Week Ahead: Pennant races percolate

Week Ahead: Pennant races percolate

The first Trade Deadline is in the books. The second one is almost a month away. So instead of spending most of our non-baseball-game-watching hours wondering where the Hot Stove smoke might lead us, we're back to staring at the standings once again.

Naturally, as the week ahead dawns and the season steams close to the midpoint of August, pennant races are heating up. It helps to get the good vibes going now, because we've seen year in and year out that some mojo in these dog days of summer can carry all the way into deep October.

Take the Cubs. The darlings of early 2016 stumbled onto some trying times in midseason, but they never gave up their hammerlock on the National League Central's top spot, and they enter the next seven days on another Windy City winning streak.

The Cubs have won seven consecutive games, have extended their MLB-best record to 69-41 and enter a week full of home games, with two Interleague matchups against the struggling Angels on Tuesday and Wednesday and a renewal of their legendary rivalry with the second-place Cardinals with a Thursday-to-Sunday set.

"We're just playing baseball and having a good time doing it," first baseman Anthony Rizzo said. "It's great, and we want to keep playing good baseball."

That will be a similar theme throughout the ballparks of the American and National Leagues this week, particularly atop divisions that are way more tightly contested. The AL Central and AL East, for example, are set up for serious late-summer drama, and crunch time begins now.

The Indians still lead the AL Central, but the Tigers have cut that advantage to two games. This week, both teams have difficult challenges on the road. Cleveland heads to Washington for a quick two-game series starting Tuesday, then returns to Progressive Field for four against the Angels. The Tigers, who have won eight of their last 10 games, travel to Seattle to play the Mariners and then head to Texas for a three-game weekender against the Rangers.

"I wish they hadn't done it, but ... it wasn't realistic that somebody wouldn't close the gap," Tribe manager Terry Francona said of the Tigers. "Look, I never thought we were going to run away and hide in this thing. This will be fun. This is what you work for: to get there and have a chance."

Detroit will have to enter this brutal swing through the West without starting pitcher Jordan Zimmermann (strained right lat) and third baseman Nick Castellanos (broken left hand), but they have rookie sensation Michael Fulmer (9-2, 2.42 ERA) on the hill for Monday's series opener at Safeco Field.

In the AL East, the Blue Jays have been playing better of late and trail the first-place Orioles by only one game, but they need to get their bats going. On Sunday, Toronto stranded eight runners and did not score more than four runs for the eighth straight game.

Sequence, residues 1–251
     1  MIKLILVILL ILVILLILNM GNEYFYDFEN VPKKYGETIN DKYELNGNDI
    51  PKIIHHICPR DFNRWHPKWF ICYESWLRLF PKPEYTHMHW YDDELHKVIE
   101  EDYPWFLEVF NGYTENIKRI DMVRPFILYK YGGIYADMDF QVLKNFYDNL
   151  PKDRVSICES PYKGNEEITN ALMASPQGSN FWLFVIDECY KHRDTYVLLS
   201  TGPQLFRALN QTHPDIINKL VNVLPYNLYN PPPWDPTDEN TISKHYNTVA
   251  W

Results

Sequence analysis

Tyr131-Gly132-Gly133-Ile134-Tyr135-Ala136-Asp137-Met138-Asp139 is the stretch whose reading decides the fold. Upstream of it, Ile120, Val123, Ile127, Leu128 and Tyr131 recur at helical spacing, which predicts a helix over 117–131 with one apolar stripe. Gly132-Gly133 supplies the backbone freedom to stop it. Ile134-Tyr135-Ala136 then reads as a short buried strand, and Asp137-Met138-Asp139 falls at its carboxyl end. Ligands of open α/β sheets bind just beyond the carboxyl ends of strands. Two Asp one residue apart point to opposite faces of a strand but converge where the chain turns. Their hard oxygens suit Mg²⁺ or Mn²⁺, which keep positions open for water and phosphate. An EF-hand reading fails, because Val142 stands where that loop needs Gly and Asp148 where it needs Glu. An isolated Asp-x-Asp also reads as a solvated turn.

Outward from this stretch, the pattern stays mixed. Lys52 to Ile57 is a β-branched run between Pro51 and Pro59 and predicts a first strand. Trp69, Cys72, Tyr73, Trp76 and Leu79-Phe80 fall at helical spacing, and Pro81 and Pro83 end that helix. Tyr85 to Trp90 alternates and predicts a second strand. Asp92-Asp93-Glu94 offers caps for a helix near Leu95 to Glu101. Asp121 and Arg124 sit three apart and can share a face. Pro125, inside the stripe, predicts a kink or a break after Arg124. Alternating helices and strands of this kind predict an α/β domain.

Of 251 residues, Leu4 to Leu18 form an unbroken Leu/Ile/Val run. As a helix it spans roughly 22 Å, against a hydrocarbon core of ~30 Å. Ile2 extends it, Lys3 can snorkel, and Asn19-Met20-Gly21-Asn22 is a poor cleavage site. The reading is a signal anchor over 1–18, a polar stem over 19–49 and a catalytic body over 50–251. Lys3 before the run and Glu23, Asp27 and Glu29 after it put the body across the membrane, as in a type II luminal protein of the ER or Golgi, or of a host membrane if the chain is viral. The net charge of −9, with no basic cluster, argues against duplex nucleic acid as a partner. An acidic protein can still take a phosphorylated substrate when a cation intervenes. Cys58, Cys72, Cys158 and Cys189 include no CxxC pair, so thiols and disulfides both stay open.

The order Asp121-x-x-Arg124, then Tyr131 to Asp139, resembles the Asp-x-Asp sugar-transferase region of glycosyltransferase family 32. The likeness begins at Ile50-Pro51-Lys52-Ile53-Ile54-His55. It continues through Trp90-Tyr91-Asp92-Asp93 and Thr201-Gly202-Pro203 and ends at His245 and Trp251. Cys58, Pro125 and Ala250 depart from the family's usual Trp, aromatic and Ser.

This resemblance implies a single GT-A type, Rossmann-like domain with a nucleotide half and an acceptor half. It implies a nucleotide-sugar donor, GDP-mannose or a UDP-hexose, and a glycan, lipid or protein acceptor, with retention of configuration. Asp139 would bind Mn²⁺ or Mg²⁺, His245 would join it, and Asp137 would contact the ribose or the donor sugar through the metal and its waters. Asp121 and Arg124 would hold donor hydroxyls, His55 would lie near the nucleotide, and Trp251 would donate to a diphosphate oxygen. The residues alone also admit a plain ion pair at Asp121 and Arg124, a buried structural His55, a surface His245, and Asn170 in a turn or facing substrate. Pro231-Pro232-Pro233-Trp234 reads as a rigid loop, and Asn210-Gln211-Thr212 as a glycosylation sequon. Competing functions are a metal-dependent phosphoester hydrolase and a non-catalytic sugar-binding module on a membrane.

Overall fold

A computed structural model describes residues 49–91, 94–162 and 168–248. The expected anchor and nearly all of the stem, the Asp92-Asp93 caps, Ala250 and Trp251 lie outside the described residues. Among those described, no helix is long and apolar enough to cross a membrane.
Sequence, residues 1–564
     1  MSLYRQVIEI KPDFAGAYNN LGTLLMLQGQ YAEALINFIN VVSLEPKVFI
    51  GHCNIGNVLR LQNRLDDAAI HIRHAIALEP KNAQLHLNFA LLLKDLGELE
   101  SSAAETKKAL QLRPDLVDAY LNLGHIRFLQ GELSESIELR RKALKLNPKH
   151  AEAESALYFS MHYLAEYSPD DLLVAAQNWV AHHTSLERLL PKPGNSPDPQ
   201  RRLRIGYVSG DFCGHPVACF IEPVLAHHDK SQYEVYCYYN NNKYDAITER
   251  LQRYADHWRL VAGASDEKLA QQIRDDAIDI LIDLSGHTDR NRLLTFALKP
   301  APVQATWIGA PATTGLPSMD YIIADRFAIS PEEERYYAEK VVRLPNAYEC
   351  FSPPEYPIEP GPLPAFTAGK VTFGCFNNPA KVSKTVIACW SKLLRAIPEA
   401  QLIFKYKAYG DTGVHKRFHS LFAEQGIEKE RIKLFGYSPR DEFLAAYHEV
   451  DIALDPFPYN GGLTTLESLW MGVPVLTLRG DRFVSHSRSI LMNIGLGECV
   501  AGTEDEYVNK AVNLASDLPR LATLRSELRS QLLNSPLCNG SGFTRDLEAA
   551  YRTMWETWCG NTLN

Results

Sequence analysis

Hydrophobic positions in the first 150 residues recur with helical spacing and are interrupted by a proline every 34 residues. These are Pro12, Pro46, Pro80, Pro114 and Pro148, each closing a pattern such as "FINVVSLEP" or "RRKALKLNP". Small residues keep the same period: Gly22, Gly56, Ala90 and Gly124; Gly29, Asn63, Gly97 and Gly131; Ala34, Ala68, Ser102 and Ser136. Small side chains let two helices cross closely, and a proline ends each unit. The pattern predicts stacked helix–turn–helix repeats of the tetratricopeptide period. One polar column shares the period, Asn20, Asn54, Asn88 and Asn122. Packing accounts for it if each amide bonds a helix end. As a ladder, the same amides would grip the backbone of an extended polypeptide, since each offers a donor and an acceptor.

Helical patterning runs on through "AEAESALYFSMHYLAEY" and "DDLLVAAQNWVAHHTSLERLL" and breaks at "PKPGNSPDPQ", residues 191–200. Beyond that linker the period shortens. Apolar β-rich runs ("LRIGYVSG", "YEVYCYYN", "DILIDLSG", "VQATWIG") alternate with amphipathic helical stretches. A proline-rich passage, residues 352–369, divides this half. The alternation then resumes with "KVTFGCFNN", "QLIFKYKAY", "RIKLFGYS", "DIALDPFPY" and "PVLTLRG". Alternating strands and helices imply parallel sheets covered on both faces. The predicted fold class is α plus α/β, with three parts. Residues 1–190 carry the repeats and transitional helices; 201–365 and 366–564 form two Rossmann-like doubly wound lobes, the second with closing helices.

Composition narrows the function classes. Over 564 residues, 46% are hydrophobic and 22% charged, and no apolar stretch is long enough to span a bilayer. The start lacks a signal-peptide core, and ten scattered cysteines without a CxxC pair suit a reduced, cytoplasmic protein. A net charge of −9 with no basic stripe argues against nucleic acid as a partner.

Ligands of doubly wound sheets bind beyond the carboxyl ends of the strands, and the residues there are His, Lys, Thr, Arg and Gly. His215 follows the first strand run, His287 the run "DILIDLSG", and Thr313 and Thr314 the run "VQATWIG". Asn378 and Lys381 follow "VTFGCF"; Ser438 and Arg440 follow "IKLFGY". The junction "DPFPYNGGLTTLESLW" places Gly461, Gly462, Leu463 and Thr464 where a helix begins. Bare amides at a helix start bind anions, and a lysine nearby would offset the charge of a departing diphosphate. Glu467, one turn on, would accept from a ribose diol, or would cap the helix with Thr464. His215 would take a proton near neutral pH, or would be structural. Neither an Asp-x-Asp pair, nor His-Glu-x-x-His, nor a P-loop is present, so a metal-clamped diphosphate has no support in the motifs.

"We really haven't been swinging [the bats well] since the beginning of the last homestand," Blue Jays manager John Gibbons said. "We're due to explode."

Things seem to be combustible in the NL West these days, too.

The Giants had a comfortable cushion atop that division for much of the season, but the Dodgers have cut into it in recent weeks. After beating the Red Sox in the Sunday night game, the Dodgers enter the week trailing the Giants by a mere game and might have the favorable schedule over the next seven days.

The Dodgers start the week by welcoming the rebuilding Phillies for a three-game series, and they'll stay in Chavez Ravine to play the Pirates for three games over the weekend. The Giants must travel to Miami for a three-game set early in the week before crossing the country again to meet the first-place Orioles for a weekend three-gamer at AT&T Park.

Oh, and after he was seen playing catch on the Dodger Stadium field prior to Sunday's game, it seems that ace Clayton Kershaw (herniated disk in back) can spend the week ahead getting another seven days closer to returning from the disabled list.

"Just continue to get his intensity up and stretch him out a little more," Dodgers manager Dave Roberts said. "Like I've said all along, with Clayton, he's not a guy that we worry about as far as the intensity, the intent to get back, so he'll be back as soon as he possibly can.

"Whenever he feels ready to go, then we'll pencil him in and get him going. All along, we've expected -- and a little bit of it is being hopeful -- but we expect him to make starts for us this year at some time."

The Giants, and the rest of the contending teams in the Major Leagues, will be watching and waiting.

Doug Miller is a reporter for MLB.com. Follow him on Twitter @DougMillerMLB. This story was not subject to the approval of Major League Baseball or its clubs.